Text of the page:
This project is for a competition to design an Indian heritage museum in Singapore.
The aim of the concept was to create a building that houses all aspects of the brief with a unique look quoting from Indian culture. One good example is the main facade which has stairs connecting the different levels. These stairs are ordered in such a way that they refer to the famously stepped wells of Rajasthan in India. A local Singaporean Indian artist was asked to do the mural painting.
‘Guillemins’ a neighbourhood in transition
In the Belgian city of Liège construction of the TGV station, to a competition-winning design by Santiago Calatrava, is now in full swing. A concomitant feature of the brief is to redevelop the adjoining quarter of Guillemins. In the next ten to fifteen years, many of the quarter's present inhabitants will have to leave as new offices, apartment complexes and shops are built. The project explores the issue of how the city of Liège will relate to Guillemins, an urban quarter in transition, in the intervening period.
SHADOWCITY proposes giving Guillemins an intermediary infill using temporary interventions with, for and by the local community. My project regards the existing buildings, people, activities and places not as a problem for Guillemins but as a potential. The interventions are to enhance the quality of life in and around the quarter in the transitional phase and contribute to the welfare of the city as a whole. This temporary use and in particularly the milieu it will give rise to, can help bring forth a better end-product with a stronger identity. Parts of the temporary uses may then perhaps be taken up more permanently in the final plan.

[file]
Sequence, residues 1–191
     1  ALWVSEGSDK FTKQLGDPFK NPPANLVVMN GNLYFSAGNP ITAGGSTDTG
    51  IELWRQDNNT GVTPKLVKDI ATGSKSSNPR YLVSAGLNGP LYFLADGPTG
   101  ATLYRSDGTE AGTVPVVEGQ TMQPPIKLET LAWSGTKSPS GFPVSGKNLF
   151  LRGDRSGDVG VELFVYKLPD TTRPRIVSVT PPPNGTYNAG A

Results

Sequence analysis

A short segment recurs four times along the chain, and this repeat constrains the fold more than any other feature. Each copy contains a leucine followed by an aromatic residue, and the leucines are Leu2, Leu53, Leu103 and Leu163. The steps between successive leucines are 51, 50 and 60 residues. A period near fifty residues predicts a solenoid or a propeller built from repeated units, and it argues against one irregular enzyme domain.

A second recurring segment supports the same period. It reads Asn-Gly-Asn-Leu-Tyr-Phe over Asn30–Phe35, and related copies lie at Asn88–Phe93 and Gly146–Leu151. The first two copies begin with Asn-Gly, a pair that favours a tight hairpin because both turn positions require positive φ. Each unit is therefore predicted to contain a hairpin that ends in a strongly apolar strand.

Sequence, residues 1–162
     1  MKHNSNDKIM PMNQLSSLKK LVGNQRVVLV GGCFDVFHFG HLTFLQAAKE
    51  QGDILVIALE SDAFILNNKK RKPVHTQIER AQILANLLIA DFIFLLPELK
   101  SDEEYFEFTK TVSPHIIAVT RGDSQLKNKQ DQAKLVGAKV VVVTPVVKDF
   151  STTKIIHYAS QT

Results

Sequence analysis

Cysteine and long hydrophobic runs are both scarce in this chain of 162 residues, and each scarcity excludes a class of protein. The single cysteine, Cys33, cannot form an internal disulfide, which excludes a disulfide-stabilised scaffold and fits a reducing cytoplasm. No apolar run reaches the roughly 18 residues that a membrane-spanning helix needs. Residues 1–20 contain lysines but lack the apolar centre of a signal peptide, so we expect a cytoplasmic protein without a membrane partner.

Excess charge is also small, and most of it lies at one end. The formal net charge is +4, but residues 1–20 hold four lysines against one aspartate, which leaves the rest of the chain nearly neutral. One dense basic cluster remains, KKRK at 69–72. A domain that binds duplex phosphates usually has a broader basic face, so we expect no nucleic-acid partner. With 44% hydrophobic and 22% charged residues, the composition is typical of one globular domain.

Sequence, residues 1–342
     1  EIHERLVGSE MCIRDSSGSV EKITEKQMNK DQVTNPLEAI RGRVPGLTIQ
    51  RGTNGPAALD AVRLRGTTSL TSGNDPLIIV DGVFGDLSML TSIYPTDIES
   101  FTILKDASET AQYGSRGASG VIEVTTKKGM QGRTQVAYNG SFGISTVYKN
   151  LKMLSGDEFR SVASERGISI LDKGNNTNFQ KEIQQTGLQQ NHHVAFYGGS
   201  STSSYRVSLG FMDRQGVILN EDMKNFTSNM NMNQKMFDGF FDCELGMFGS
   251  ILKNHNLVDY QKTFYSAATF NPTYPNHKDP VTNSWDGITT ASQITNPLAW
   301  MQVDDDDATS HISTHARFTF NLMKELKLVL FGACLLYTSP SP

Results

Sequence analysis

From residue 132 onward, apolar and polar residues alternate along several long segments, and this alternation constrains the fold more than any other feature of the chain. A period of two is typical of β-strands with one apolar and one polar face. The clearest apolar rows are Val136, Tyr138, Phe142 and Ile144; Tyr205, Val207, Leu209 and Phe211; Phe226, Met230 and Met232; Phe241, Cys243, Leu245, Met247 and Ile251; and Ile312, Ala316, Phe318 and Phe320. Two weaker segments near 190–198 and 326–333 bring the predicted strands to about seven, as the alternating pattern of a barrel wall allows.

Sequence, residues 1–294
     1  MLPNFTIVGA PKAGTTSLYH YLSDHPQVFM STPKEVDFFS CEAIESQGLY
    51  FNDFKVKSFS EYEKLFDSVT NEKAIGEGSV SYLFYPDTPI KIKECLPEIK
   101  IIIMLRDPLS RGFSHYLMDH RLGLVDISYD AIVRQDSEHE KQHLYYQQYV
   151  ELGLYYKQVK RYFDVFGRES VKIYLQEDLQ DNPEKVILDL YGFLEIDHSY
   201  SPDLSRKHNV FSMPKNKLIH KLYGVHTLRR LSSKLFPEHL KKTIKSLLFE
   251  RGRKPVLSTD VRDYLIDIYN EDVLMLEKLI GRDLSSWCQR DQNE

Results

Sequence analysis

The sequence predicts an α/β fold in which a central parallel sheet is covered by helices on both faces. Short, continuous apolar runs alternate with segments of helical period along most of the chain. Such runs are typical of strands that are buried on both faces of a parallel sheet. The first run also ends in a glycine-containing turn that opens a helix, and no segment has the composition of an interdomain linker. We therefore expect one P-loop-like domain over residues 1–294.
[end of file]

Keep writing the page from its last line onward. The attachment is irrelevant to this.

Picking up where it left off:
Applying the strategy and its methods of analysis to Guillemins showed five potential groups of inhabitants and eight potential 'locations'. The five groups are, Guillemins (or rather, all that is characteristic of it), small businesses, young people, old people, and subcultures. The designed interventions are crying out to be filled in, standing as they are on the dividing line between architecture & art and folly & building.